Doublestrike is indisputably one of the best abilities in the game, but you'll not only pay six mana for Igpay's power, you also have to speak in pig latin or be forced to sacrifice Igpay. Etterbay etgay inyay omesay acticepray.
4. Chaos Confetti
This amusing parody of the Chaos Orb card is a colorless artifact that costs four mana to initially play, then taps alongside another four to activate its effect: You tear Confetti into as many pieces as you want, then throw the pieces at a distance of at least five feet. Any permanent that touches one of the thrown pieces is destroyed.
Similar to legacy-style board games, actually using Confetti's effect involves destroying the physical card itself, but it's an undoubtedly flashy and fun way to make a card game more than a card game. I can't tell you how much silly effects like these add to the allure in casual matches, especially for spectators. Despite Confetti's rare nature, you can obtain one for a And if you're like me and have feelings of guilt about tearing up your precious cards, your friends might let you shred a comparably-sized notecard when resolving the effect instead. surprisingly cheap price under three dollars.
3. Ashnod's Coupon
So far, our entries have been silly yet game-altering, actually contributing towards your victory. Ashnod's Coupon is perhaps the worst Magic card in terms of winning, but has an unparalleled real-world ability: when tapped, sacrificed, and sent to the graveyard, a target player must buy you a target drink. Hey, Friday Night Magic can leave a planeswalker thirsty.
Now, the errata states that you must pay any costs of the drink, but if you combo Coupon with cards like "R&D's Secret Lair" (which negates errata), you can obtain a beer or soda for free! If you're playing a good sport, that is. Hey, your eldrazi may have broken through my dragons, but at least I made off with a Coke.
2. Blacker Lotus
A parody of the infamous Black Lotus, Blacker Lotus is perhaps the best card in the game. For zero mana, this artifact is easy to field, and by tapping it and tearing it into pieces (just like Chaos Confetti), you add four mana of any color to your pool! Four mana of a chosen hue from a card you fielded for free is absolutely unrivaled when it comes to mana ramp, and anyone bold enough to play their Blacker Lotus should easily take the advantage.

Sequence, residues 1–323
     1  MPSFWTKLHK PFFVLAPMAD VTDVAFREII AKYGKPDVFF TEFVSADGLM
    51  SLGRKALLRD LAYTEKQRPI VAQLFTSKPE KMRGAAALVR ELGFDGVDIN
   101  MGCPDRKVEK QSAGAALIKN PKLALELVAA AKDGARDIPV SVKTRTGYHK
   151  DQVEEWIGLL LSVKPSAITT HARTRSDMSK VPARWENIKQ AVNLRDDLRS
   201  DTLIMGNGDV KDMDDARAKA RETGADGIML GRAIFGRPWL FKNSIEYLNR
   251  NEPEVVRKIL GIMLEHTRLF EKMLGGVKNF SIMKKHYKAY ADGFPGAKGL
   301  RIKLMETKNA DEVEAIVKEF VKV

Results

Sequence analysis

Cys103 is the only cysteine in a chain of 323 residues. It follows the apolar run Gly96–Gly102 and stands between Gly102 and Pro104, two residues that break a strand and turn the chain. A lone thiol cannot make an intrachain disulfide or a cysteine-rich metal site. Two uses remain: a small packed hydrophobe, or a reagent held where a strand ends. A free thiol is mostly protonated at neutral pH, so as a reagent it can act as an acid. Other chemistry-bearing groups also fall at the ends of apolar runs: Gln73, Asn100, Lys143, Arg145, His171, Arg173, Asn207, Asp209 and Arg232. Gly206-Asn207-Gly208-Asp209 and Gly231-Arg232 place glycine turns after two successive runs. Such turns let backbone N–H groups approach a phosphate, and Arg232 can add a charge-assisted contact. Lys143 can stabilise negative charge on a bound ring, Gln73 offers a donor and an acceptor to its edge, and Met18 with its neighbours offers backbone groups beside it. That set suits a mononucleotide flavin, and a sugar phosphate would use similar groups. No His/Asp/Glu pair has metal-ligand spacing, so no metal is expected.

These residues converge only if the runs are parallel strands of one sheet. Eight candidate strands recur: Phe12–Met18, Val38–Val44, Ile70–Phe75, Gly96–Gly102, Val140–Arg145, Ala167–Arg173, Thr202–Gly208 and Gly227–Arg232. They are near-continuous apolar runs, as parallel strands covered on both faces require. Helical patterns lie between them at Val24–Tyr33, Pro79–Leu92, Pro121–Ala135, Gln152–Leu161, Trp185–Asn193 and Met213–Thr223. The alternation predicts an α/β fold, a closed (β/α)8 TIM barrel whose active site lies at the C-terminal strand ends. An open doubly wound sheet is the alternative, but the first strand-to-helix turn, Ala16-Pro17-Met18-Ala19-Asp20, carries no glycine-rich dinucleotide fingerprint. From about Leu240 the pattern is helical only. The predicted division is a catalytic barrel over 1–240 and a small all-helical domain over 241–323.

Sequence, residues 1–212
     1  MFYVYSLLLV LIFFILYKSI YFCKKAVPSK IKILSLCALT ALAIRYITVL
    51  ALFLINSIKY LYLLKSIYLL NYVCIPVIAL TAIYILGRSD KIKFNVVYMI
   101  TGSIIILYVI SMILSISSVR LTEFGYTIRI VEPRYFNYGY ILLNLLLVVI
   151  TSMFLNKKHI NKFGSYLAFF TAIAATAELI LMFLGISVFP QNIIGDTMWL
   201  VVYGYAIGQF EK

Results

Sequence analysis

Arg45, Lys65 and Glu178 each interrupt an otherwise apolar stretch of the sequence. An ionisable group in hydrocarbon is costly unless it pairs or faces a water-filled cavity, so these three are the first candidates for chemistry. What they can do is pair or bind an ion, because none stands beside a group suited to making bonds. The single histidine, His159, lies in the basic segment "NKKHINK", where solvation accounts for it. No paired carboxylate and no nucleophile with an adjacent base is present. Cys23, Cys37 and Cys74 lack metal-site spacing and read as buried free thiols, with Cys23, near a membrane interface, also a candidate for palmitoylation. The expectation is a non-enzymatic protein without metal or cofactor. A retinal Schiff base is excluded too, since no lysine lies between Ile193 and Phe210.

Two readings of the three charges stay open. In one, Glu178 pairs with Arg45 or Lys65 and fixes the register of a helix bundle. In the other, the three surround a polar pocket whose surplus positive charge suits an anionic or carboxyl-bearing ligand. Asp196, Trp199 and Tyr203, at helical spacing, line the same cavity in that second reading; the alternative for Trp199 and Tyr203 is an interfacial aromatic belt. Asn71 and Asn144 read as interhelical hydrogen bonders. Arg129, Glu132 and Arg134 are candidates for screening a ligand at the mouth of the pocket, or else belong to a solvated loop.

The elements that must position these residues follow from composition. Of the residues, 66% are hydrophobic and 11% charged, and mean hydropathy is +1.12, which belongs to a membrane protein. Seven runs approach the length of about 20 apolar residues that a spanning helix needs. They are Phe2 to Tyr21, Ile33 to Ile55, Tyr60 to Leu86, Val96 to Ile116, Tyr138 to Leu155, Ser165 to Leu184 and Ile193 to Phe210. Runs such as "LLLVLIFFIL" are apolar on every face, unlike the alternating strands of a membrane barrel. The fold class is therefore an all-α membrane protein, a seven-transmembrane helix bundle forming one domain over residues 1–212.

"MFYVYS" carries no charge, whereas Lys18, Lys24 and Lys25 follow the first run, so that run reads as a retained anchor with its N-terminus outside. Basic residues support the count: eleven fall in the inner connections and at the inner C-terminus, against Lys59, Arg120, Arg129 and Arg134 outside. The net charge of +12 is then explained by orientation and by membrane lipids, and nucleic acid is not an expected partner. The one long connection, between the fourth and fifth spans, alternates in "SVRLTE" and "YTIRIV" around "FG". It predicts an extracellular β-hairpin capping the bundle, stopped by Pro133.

Insane for both its self-destructive effect and incredible power, Blacker Lotus would dominate tournaments were it actually allowed.
1. Enter the Dungeon
Oh boy. If you want a game within a game (think Inception, but with cards), Enter the Dungeon. When played, this black sorcery starts an entire new match under the table (try not to feel self-conscious) with both players using the same library (deck) and starting at five life. Whoever wins this subgame gets to search for two cards from their library in the main game and add them to hand, a powerful effect equivalent to two Demonic Tutors. Heck, if multiple Enter the Dungeons were played, you could enter a game within a game within a game, all to hopefully seize an advantage in the main match.
I should also mention the red spell "The Countdown Is at One", which also starts a Magic subgame, but at least there players only enter it with 1 life, helping ensure it's a quick bout. For unprecedented match times and duels within duels, Enter the Dungeon is the black magic for you.
Which card do you prefer?
Future of Insane Magic
There ya have it. Ranging from silly to incredible overpowered, the "un" sets have long delighted casual games with a plethora of wacky powers. Sometimes it's nice to just sit back, relax, and have fun with a deck of pure strangeness, and since numerous crazy expansions built on the original Unglued set, Wizards of the Coasts seems to agree.
With hundreds of zany cards to choose from, it wasn't easy narrowing the list to just ten, and we'll undoubtedly explore more insane shenanigans in the future. But for now, as we eagerly await Magic's next insane card pack, vote for your favorite entry and I'll see you at our next MTG countdown!
© 2018 Jeremy Gill